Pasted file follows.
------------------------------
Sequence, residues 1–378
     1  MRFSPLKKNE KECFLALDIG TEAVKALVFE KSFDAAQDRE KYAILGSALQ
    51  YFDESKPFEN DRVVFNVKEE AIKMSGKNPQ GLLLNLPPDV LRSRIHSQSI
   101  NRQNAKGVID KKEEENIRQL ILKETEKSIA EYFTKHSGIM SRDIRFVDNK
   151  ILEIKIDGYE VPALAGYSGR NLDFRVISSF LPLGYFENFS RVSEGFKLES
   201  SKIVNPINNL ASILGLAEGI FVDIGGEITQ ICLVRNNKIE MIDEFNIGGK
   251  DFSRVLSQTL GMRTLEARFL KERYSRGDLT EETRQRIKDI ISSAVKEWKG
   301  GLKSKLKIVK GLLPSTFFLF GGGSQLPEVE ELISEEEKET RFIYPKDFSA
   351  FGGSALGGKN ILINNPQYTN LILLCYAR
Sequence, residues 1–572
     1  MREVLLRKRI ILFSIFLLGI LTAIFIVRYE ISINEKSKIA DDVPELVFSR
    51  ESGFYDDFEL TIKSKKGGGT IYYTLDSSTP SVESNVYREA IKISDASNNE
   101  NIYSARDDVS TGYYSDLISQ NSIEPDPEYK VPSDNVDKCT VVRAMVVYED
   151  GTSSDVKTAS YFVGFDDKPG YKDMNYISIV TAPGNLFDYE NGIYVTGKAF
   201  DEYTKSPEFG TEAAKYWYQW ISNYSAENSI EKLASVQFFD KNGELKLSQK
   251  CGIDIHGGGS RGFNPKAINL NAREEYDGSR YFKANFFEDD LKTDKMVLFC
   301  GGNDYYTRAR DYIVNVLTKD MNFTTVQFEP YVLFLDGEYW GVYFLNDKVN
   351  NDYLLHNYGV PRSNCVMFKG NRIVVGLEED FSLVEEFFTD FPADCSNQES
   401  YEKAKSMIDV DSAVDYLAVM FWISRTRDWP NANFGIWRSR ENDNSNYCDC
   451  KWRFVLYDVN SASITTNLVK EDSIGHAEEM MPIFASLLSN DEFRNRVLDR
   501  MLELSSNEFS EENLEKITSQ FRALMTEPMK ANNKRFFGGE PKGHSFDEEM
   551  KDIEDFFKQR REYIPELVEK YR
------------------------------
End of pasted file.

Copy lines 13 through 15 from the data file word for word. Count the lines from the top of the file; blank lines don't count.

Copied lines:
   101  NIYSARDDVS TGYYSDLISQ NSIEPDPEYK VPSDNVDKCT VVRAMVVYED
   151  GTSSDVKTAS YFVGFDDKPG YKDMNYISIV TAPGNLFDYE NGIYVTGKAF
   201  DEYTKSPEFG TEAAKYWYQW ISNYSAENSI EKLASVQFFD KNGELKLSQK